For the first time, PRWeek has invited the industry to decide who should win the award, which recognises those who have delivered an outstanding professional performance in comms over the past year.
The winner will be crowned at the 2012 PRWeek Awards ceremony on 23 October at Grosvenor House on London’s Park Lane.
To book one of the few remaining tables, go to www.prweekawards.com
Jackie Brock-Doyle, director of comms and public affairs
LOCOG's formidable communicator with an iron grip on the comms coming out of LOCOG around the Olympics, Brock-Doyle’s hands-on style was more than vindicated after a summer of unprecedented success. Having taken on the PR for the bid back in 2003 following a role as director covering sports events at Capital Public Relations, she used her expertise to help steer the Olympic ship through a myriad of real and potential crisis points to emerge triumphant at the other side, having delivered an almost universally hailed Games.
Guto Harri, director of comms, News International (former adviser to London Mayor, Boris Johnson)
Right up until his departure from Team Boris in May, Harri was an integral part of building the Boris brand, having worked for the Mayor since 2008 after stints as a senior consultant at Fleishman-Hillard and a BBC political correspondent. Having helped secure Johnson’s re-election as London Mayor this year, Harri has now jumped to perhaps the most challenging comms job in town – director of comms at News International. It is here that he is now leading ongoing media management and providing the board with strategic reputational guidance.
Paddy Harverson, comms secretary, Clarence House
Last year’s PR Professional of the Year has had another first-rate year leading comms at Clarence House. Working side by side with the team at Buckingham Palace, Harverson was integral to the smooth running of the Queen’s Diamond Jubilee, which came a year after he masterminded the wedding of Prince William and Kate Middleton. Meanwhile, the former Financial Times journalist has continued to help present the royal couple in a way that has made them much-loved all over the world, including the adroit handling of the fallout from Prince Harry's LA adventure.
Sue Clark, managing director, SABMiller Europe (formerly corporate affairs director)
Long regarded as one of the shrewdest strategic operators in the business, Clark is something of a trail-blazer for the PR industry, having been handed control of the brewing giant’s entire European operations in 2012. Clark’s virtually unprecedented move from comms director to executive control is hugely significant for an industry whose voice in the boardroom continues to grow louder. She joined SABMiller in 2003, having previously headed corporate affairs at Scottish Power and Railtrack.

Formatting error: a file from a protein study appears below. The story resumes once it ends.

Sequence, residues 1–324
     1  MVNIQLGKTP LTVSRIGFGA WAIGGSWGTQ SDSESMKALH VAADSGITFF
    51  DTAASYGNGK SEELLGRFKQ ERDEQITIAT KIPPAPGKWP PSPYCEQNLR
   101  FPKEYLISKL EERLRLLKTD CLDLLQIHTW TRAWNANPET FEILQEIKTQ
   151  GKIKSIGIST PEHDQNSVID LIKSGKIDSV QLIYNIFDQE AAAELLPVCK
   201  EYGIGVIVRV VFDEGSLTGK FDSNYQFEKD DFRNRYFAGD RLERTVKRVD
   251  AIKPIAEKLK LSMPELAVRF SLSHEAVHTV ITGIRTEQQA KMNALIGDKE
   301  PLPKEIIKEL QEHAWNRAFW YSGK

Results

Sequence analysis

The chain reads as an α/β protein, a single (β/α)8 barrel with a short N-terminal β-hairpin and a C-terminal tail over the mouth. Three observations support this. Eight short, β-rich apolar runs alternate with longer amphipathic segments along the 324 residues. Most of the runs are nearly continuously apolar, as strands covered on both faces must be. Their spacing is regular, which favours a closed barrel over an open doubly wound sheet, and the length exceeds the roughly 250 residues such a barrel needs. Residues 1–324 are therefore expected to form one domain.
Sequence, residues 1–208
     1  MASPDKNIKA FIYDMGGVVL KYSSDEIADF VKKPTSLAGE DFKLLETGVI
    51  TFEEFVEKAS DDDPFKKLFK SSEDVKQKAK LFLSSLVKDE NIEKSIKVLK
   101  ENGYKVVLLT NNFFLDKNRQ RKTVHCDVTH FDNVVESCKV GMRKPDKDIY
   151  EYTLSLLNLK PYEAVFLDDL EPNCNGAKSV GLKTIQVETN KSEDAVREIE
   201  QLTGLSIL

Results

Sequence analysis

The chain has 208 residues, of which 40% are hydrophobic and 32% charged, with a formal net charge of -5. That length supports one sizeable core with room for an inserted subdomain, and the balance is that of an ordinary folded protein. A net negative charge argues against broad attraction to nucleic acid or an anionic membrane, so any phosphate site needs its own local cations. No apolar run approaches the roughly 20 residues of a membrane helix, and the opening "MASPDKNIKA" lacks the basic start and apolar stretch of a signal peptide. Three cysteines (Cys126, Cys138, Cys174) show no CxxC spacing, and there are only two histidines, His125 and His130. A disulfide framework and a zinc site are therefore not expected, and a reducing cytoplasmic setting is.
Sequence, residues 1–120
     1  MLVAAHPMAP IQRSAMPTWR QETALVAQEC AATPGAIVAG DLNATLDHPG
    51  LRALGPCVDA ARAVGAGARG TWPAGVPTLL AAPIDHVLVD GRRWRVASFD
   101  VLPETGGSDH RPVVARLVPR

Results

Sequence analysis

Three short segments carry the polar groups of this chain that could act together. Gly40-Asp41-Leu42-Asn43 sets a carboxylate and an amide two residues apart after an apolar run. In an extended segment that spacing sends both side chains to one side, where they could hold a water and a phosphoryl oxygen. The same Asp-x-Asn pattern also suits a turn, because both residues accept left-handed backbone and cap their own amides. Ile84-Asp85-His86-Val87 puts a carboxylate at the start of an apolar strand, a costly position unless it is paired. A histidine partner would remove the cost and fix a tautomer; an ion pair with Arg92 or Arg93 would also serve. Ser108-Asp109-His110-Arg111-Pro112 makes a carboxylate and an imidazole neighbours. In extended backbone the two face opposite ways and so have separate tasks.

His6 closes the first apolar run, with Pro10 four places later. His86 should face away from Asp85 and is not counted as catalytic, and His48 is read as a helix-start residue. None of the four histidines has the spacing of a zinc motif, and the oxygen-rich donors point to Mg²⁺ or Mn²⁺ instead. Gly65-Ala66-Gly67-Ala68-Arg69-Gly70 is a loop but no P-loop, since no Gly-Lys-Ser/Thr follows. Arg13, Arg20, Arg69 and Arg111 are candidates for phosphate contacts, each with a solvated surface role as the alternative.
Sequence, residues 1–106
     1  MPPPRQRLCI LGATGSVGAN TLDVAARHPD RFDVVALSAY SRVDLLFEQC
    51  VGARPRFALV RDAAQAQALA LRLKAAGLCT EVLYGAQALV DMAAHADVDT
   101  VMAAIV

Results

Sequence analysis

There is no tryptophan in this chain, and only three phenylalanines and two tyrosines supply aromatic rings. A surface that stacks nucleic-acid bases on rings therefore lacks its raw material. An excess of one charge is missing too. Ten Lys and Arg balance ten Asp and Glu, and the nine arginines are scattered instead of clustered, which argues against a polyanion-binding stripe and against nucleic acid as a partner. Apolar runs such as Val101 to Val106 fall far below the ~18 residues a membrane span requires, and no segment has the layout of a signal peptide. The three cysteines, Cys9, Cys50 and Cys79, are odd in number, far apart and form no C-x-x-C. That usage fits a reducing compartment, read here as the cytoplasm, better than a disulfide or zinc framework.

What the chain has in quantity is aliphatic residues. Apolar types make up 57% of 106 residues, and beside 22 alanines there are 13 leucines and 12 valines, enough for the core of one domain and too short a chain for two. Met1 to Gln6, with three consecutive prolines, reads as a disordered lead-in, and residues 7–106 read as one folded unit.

Vicky Kloss, chief comms officer, Manchester City
Newly crowned Premier League champions Manchester City’s extraordinary rise on the pitch has been mirrored by a similar off-pitch PR revolution. Kloss’ comms team has led the football world in social media engagement, digital comms and consumer outreach to help make the fans part of the club’s journey rather than mere customers. Kloss is a former police detective who has worked at the club for over a decade.
Paul Moore, comms director, easyJet
EasyJet has by most measures had a good recession – and no small part of that is due to the efforts of Moore and his team. While other carriers are struggling with margins or antagonising their passengers, easyJet has deftly managed its image as a low-cost carrier that cares about customers. The firm’s share price is up some 60 per cent against a year ago and passenger numbers continue to climb. Moore joined easyJet in 2010 from transport firm FirstGroup and has also led comms at Virgin Atlantic.
Nick Hindle, vice-president comms, McDonald's
Hindle joined McDonald's in 2002, when the company’s reputation was in the doldrums as it attempted to file a lawsuit against a group of campaigners who had criticised the brand. This summer has been busier than most for Hindle after leading comms for an Olympic sponsor that attracted its fair share of criticism. But the company’s strategy went far beyond building its biggest outlet in the Olympic Park. McDonald’s helped train ‘Games Makers’ volunteers, while the fast-food chain emerged from attacks from critics with its image intact and UK sales up, despite a difficult summer globally.